Jim Johnson of the Standish Group presented some interesting metrics at the PMI Global Congress conference in Toronto a couple of years ago that confirmed my suspicion. From a study of over 23,000 projects it was found that the success rate dropped as project duration increased.

Failure_rates

From the graph we can see that most (over 50%) of the 6 month projects surveyed were deemed successful, dropping to 23% of 12 month projects, and less than 10% of 24 month projects. Now, we need to understand what “Sucess”  means here. The criteria was quite strict and defined as within 15% of cost and schedule and to customer defined functionality and quality standards.

I expect a large proportion of these “failed” projects merely missed the 15% cost or time criteria and the picture would not be so bad with a wider margin. Predicting costs over long periods is notoriously difficult as even labour rates and inflation predictions elude the best market ecconomists. However the trend is still true, larger projects carry a much higher probability of failure for a number of reasons we will see...

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A Burn-Rate Based Estimation Tool

S_curve_title_2In my last post I suggested spending less time worrying about project metrics and more time on stakeholder concerns, so I thought a tool to simplify project tracking might be useful.

Having completed project estimating with the team, it is often necessary to convert effort estimates into cost estimates based on likely utilizations and then track actual hours billed against these projections. Today’s download is a simple burn-rate estimation tool that produces S-Curve graphs and let you track actual spend against burn-rate projections and planned budgets.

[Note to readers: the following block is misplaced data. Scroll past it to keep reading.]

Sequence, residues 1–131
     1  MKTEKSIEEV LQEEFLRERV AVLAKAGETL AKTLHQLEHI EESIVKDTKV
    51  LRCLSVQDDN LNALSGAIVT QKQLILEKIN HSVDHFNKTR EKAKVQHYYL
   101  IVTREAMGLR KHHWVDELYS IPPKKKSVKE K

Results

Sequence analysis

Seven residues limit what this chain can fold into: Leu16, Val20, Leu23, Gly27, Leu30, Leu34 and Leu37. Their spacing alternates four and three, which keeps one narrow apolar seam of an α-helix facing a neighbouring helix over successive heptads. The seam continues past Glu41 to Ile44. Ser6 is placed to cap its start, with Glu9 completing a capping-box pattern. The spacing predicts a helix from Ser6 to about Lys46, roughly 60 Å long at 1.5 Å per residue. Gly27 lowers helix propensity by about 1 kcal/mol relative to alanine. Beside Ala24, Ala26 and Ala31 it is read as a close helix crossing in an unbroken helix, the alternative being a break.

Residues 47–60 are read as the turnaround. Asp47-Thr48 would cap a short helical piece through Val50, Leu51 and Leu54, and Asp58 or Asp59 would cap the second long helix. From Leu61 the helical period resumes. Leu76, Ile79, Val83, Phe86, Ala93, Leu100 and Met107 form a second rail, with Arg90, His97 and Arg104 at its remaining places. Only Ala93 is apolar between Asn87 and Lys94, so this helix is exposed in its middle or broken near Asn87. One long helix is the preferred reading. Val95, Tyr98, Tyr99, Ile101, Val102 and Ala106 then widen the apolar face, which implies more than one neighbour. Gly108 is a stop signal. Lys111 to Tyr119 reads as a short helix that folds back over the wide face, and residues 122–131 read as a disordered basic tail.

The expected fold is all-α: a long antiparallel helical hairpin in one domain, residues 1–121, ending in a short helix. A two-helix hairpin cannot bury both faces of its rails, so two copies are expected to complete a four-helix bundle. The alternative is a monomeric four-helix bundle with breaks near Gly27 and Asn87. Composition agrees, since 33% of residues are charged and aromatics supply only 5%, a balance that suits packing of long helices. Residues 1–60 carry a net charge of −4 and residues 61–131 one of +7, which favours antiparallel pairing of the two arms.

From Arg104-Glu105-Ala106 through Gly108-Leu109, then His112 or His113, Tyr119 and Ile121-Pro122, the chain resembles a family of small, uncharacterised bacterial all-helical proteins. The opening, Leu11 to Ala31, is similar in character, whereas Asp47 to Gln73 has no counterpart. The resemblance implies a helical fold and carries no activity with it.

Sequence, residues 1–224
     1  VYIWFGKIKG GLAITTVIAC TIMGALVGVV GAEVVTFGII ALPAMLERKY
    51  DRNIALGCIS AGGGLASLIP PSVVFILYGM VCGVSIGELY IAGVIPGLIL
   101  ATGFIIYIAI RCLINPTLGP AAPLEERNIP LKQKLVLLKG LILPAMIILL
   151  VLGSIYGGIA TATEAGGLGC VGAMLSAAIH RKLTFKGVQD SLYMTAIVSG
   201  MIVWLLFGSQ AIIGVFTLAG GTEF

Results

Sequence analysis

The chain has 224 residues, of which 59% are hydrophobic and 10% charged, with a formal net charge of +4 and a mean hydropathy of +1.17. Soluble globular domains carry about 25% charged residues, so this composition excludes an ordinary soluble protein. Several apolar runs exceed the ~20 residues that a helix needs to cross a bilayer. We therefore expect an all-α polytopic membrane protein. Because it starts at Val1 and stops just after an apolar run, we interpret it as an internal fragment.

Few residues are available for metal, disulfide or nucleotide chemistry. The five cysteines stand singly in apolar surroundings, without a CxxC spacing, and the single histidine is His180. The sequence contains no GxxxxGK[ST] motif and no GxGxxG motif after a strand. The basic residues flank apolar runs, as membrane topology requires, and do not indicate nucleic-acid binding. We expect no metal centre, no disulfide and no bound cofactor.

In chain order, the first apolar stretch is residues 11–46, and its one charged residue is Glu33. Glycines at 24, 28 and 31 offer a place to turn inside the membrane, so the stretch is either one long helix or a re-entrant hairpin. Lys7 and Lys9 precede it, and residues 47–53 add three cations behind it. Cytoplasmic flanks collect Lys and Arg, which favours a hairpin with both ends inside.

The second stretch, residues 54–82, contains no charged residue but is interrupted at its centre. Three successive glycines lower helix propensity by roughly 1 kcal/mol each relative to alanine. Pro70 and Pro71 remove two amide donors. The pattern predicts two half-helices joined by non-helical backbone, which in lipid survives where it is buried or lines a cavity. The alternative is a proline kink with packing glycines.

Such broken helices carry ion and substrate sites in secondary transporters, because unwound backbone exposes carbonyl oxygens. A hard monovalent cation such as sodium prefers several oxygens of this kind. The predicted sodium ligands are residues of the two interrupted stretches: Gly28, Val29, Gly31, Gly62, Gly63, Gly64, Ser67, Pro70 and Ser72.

You can download the spreadsheet here:

Download estimation_and_budget_tracking.xls

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Schedule Questions: Pair Programming and the PNR Curve

Schedule_questionsConverting effort estimates into project durations and team sizes is an important part of project planning. How this is done varies from project manager to project manager, to some it is an art, others a science, and to many a case of living with everyday constraints. Today I will focus on the science and its implication to pair programming.

If your initial project estimates indicate 72 person months of effort how do you best resource it?

1 person for 72 months?
72 people for 1 month?
6 people for 12 months?

Intuitively we know that 1 person for 72 months might work (providing they had all the right skills) but typically business wants the benefits of a project as soon as possible. 72 people for 1 month is extremely unlikely to work, unless the project is simple and massively parallel, like cleaning oil off rocks on a beach. Usually adding more resources beyond an optimal level provides diminishing rates of return. As the old saying goes, You can not make a baby in one month with nine women, (although it might be fun to try.). Also as Fredrick Brooks stated in, The Mythical Man MonthAdding resources to a project that is already late will make it later”. So, given an effort estimate how do we determine the optimal team size and schedule to deliver quickly and keep costs down?

While adding team members to a project increases costs in a linear fashion, the project timeline is not reduced in a corresponding linear way. Research by Putnam Norden found that for projects that require communication and learning (like software projects), the effort to time curve follows a Rayleigh distribution. Putnam confirmed that this curved applied to software projects in his article “A General Empirical Solution to the Macro Software Sizing and Estimation problem”, IEEE Transactions of SW Engineering, July 1978 and the curve became known as the Putnam Norden Rayleigh curve or PNR Staffing curve as shown below.

Pnr_1

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Using Earned Value on Agile Projects

Speedo Q: Does Earned Value work for software projects?
A: Absolutely, Earned Value Analysis (EVA) is a statically valid reporting approach that can be applied to any endeavour. It compares actual progress and spend against projected progress and spend.

Q: Can you use Earned Value on Agile projects?
A: You can, but I would not recommend it. There are fundamental problems using EVA on agile projects relating to baseline plan quality. Also there are better alternatives available for agile projects.